Substitutions for chick grit?

Discussion in 'Raising Baby Chicks' started by JazzysChicks, Feb 7, 2015.

  1. JazzysChicks

    JazzysChicks Out Of The Brooder

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    Jan 25, 2015
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    My chicks will be here in just a few short days and I'm having a hard time finding chick grit. Our local farm/co-op has been sold out. Are there any substitutions I can use in the mean time until I can find some (we're talking worse case scenario)?
     
  2. 21hens-incharge

    21hens-incharge Chicken Obsessed

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    I have read that many people use sand for chicks as grit. I would make sure it is a good sand with no added crud in it that could hurt them. I would also give it a good rinse and dry before using it.
    I am thinking I will use sand for mine this time as well.

    However I have always only fed chick starter no treats and never used grit while they were in the brooder. I never lost one in the brooder stage either.
     
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  3. JazzysChicks

    JazzysChicks Out Of The Brooder

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    How long do you usually feed them the starter without any chick grit?
     
  4. 21hens-incharge

    21hens-incharge Chicken Obsessed

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    Right up until I put them in the large coop. For me that is about 3 months. I do not give treats during this time just the starter then the grower at 3 months to laying stage.

    edited to add:

    I am sure that when I take them outside and put them in the tractor they find bits of rock or sand in the dirt when they are about 2 months.
    I take them out when they are well feathered for a couple hours each evening if the weather is good. But not until they are about 2 months old.

    I know a mother hen would have them out at a day old lol.
     
    Last edited: Feb 7, 2015
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  5. AmericanMom

    AmericanMom Chillin' With My Peeps

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    I use corn ground at a finer level. I buy it at my local feed store at .35 a pound and usually buy a gallon size bag of it, it last for ever as I just sprinkle a bit every day... I also don't feed my chicks on chick starter but an all purpose or All flock feed. It has a slightly higher protein level than the chick starter. If I forget to buy it in crumble form when the chicks start hatching I just take pellets and run it through my grinder .. I have been feeding my entire flock this as I don't have to buy different feeds for different ages and also, because I have Turkeys that require a higher protein feed. In over a year I have yet to lose a chick or have a chick suffer with pasty butt or other issues. I put out oyster shells for the layers.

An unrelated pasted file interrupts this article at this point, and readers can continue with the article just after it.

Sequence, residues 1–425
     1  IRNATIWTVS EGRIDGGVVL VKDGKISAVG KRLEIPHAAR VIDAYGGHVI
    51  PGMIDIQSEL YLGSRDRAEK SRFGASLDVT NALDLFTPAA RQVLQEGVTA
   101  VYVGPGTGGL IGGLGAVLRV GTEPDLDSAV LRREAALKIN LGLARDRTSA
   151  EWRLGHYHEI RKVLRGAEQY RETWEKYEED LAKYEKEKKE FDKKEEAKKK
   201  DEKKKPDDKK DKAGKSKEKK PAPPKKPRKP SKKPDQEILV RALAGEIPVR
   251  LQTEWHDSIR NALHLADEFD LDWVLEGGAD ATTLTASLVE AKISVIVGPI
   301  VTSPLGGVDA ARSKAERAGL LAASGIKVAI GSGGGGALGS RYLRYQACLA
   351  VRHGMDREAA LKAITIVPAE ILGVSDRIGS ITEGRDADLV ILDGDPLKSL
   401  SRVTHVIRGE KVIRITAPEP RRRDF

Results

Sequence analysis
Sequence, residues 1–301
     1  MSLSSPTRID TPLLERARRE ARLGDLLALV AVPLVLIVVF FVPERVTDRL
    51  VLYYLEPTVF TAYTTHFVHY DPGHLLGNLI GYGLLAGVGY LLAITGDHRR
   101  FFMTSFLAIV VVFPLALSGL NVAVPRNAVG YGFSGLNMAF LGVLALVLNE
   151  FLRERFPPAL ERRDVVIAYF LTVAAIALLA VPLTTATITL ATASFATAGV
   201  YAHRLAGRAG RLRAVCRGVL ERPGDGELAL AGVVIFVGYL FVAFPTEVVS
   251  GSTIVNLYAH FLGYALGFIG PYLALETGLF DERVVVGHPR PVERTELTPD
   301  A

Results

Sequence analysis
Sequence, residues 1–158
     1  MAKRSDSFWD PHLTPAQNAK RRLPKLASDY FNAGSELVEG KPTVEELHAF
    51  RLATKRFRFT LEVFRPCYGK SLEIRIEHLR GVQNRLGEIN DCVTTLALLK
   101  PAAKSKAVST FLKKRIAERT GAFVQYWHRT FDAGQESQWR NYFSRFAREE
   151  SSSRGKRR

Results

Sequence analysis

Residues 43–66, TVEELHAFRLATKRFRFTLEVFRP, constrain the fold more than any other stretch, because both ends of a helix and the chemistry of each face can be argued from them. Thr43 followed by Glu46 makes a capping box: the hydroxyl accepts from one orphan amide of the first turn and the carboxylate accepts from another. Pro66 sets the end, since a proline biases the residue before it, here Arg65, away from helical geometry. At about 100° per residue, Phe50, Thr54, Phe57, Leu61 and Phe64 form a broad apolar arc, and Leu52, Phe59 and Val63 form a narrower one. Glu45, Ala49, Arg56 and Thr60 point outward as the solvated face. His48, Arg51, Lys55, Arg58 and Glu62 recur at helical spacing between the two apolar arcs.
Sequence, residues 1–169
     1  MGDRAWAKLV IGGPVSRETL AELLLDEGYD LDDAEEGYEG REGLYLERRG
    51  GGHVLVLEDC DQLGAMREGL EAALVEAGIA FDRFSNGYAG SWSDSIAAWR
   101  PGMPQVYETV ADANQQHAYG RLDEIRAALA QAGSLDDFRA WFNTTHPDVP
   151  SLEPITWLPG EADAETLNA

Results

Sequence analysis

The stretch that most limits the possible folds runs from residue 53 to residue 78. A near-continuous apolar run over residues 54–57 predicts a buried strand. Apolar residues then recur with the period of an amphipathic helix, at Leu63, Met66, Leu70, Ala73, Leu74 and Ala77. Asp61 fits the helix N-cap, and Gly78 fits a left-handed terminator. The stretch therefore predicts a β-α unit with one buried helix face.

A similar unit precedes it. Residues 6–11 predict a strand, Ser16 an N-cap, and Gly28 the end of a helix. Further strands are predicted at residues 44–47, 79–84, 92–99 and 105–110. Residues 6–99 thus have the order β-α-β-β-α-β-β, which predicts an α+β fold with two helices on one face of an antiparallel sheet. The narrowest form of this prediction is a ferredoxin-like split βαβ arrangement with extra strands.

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  6. Ridgerunner

    Ridgerunner True BYC Addict

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    When a broody hen brings her chicks off the nest, one of the first things she does is take them to dirt and teach them how to peck. They are finding bits of sand or rock in there that is used as grit. There are other benefits too. By eating the dirt they will eventually be living in and that the older chickens have been pooping in, they get probiotics and start developing flock immunities they may need. To me grit, probiotics, and flock immunity are all good. So you can just give them some of your dirt to eat, especially if it has visible bits of sand or tiny gravel in it.

    You can get some sand for them. Coarse sand like construction sand is better than fine sand like play sand. The particles need to be big enough that they can use it to grind food in their gizzards. A good place to get some might be a sand bar in a creek or river. I’d rinse the salt out of beach sand before I used it. Chickens don’t handle high quantities of salt very well.

    As long as all they eat is the chicken feed you buy, they don’t need grit. It’s already been ground up. Even if it is in crumble or pellet form, the moisture in the chick’s digestive system will soften it so they can digest it. But I like to feed them something for grit just in case they eat something they need to grind up. For me, that is just dirt from my run.

    The grit you buy is granite, collected by straining the debris from a granite quarry so they get the right sizes. Granite is really hard and the larger chunks might last a month or so before it is ground down to a sand in the gizzard and passes on through their system and out the back end. Other rock can be used but since they are probably softer than granite they will wear out faster. There is no set amount of grit they need or how often you need to offer it. That will depend on how hard the rock or sand is and how big the chunks are. So give them some but make sure most of what they at is their feed, not grit.

    Good luck!
     
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